A visit to the three spaces of the Paul Kasmin Gallery in Chelsea in New York City offers an enlivening education in the power of three of the backbones of traditional art-making: painting, drawing, and sculpture.

The Hamptons’ own Lee Krasner demonstrates the expressive possibilities of the first medium in “The Umber Paintings, 1959 – 1962,” while “David Hockney: Works on Paper, 1961 – 2009” provides a close-up view of the world of the beloved British painter, who is currently the subject of a major exhibition at The Met. In the plastic arts, the Mexican artist Bosco Sodi reveals the transfixing, restorative power of minimalist sculpture as seen through the lens of nature.

“Lee Krasner: The Umber Paintings, 1959 – 1962”

Viewed within the modern monastic space of the Paul Kasmin Gallery, with its cool white walls, polished floors, and concrete ceiling, the visceral earth tones and frantic forms of Lee Krasner’s “Umber Paintings” emerge as fields of boundless energy. This is the gallery’s first Krasner exhibition since it was chosen to represent the artist by the Pollock-Krasner Foundation last year, with the intention that the gallery will increase recognition of Krasner’s work. Indeed, in reviewing this show it is tempting not to mention Jackson Pollock, in order to give Krasner her due as one of the preeminent Abstract Expressionist artists in her own right, and to see the works freed from the specter of her famous husband.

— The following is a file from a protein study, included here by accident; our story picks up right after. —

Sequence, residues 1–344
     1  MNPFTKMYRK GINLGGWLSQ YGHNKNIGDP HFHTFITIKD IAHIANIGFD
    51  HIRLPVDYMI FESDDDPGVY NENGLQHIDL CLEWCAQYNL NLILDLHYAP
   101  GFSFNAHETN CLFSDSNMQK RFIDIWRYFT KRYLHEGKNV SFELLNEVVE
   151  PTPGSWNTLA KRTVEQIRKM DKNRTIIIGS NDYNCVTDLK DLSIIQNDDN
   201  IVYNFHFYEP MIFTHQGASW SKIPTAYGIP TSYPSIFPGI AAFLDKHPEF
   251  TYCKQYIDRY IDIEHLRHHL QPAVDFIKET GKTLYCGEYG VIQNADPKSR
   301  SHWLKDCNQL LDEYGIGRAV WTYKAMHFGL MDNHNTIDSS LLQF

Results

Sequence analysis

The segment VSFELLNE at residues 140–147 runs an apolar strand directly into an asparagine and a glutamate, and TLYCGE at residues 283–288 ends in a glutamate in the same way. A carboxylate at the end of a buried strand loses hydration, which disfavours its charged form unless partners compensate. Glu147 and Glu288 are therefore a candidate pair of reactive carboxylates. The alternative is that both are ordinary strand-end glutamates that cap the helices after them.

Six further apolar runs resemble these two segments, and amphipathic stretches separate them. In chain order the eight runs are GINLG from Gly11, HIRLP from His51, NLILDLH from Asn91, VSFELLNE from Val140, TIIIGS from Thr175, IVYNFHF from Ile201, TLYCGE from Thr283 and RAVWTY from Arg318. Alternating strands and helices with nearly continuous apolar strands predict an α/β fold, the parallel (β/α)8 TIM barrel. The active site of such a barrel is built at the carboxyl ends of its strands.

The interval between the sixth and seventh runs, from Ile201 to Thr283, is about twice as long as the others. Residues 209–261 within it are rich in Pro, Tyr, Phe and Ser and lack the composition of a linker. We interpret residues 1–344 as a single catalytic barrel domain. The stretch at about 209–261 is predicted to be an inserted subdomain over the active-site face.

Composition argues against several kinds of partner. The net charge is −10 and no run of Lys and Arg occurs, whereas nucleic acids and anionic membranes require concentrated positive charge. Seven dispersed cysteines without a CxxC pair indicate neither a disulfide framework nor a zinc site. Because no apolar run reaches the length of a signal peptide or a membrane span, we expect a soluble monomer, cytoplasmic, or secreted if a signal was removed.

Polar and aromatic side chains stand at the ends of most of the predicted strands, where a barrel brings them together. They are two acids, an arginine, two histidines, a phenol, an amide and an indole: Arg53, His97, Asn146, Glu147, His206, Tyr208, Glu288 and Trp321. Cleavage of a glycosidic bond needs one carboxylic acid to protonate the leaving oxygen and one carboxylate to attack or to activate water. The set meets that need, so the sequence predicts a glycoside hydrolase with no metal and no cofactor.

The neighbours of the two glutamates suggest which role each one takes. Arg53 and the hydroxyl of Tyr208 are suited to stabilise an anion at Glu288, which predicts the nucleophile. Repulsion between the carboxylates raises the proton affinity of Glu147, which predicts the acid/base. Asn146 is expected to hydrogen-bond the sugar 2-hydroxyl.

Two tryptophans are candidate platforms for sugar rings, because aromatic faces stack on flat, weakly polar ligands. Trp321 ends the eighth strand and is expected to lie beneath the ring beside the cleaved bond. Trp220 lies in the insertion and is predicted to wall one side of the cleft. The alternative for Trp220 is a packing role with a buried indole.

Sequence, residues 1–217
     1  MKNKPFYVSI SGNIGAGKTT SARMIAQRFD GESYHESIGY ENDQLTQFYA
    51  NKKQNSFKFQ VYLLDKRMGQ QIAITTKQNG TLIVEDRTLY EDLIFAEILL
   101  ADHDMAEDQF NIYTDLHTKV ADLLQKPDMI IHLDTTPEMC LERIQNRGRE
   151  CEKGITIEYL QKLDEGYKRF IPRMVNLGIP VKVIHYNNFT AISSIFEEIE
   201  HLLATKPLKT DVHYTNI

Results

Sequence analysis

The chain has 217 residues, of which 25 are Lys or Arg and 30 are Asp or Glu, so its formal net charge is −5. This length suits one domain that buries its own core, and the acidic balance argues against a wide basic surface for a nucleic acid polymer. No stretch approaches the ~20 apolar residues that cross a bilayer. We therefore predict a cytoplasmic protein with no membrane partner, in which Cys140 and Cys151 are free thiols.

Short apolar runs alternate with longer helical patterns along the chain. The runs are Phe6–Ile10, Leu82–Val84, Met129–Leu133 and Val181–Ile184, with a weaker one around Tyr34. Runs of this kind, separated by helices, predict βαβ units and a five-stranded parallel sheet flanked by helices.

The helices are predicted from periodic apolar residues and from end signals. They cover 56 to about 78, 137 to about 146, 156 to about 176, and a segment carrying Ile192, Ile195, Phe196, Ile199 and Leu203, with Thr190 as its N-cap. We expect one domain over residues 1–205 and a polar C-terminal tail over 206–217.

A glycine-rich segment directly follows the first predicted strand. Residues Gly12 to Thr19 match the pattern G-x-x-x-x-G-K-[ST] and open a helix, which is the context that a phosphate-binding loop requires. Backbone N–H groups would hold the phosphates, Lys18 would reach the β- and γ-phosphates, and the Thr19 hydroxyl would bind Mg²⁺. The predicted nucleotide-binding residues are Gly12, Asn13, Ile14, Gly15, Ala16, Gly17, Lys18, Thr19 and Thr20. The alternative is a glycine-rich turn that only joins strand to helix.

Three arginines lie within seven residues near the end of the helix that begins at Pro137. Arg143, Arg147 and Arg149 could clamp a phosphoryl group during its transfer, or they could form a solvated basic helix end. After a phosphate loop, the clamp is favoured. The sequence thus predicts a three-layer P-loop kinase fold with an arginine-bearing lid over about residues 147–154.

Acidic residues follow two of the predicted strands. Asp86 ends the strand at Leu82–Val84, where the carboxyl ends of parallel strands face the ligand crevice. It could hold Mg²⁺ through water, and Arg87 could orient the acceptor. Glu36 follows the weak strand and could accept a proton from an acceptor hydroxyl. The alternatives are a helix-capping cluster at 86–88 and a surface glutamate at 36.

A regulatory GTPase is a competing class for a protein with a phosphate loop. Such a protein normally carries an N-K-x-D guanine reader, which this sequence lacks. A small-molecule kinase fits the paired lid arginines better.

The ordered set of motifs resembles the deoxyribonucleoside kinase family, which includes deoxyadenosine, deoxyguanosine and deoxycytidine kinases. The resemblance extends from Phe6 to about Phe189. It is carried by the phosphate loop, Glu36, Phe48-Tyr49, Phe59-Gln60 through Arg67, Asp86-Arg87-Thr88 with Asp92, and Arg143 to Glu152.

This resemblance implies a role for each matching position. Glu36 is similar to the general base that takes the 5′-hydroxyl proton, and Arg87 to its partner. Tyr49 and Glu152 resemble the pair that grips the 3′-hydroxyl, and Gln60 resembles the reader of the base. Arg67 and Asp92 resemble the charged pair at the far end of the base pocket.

But the stylistic affinity with Pollock of the paintings on view means that not to reference their relationship would be disingenuous. Krasner herself recognized the biographical nature of her work, and the knowledge that these paintings were created just a few years after Pollock’s untimely death in 1956, and after the death of Krasner’s mother in 1959, is significant.

Not only did acute insomnia at this time cause Krasner to begin working at night, and thus adopt a more restricted palette than before, but she had also begun painting in Pollock’s studio at their home in East Hampton’s Springs (previously she had worked in a room in the house). This allowed the artist to use much larger canvases than she had previously, and it is also apparent that the spirit of Pollock and their fiery relationship influenced Krasner’s creative process during this period. What emerged is a series of 24 emotionally raw paintings that nevertheless bristle with life. Five of these are on view at Paul Kasmin.